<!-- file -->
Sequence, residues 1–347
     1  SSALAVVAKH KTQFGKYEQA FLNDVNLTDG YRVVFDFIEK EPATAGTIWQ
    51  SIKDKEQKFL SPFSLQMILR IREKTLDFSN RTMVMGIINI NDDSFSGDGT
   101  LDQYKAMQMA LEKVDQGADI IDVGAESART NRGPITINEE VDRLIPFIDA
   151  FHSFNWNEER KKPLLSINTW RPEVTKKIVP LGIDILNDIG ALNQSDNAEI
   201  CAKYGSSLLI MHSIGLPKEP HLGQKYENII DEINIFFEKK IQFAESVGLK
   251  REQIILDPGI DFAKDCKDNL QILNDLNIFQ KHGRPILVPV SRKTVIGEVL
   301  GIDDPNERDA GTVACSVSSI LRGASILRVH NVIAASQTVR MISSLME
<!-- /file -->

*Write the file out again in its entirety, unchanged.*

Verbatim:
Sequence, residues 1–347
     1  SSALAVVAKH KTQFGKYEQA FLNDVNLTDG YRVVFDFIEK EPATAGTIWQ
    51  SIKDKEQKFL SPFSLQMILR IREKTLDFSN RTMVMGIINI NDDSFSGDGT
   101  LDQYKAMQMA LEKVDQGADI IDVGAESART NRGPITINEE VDRLIPFIDA
   151  FHSFNWNEER KKPLLSINTW RPEVTKKIVP LGIDILNDIG ALNQSDNAEI
   201  CAKYGSSLLI MHSIGLPKEP HLGQKYENII DEINIFFEKK IQFAESVGLK
   251  REQIILDPGI DFAKDCKDNL QILNDLNIFQ KHGRPILVPV SRKTVIGEVL
   301  GIDDPNERDA GTVACSVSSI LRGASILRVH NVIAASQTVR MISSLME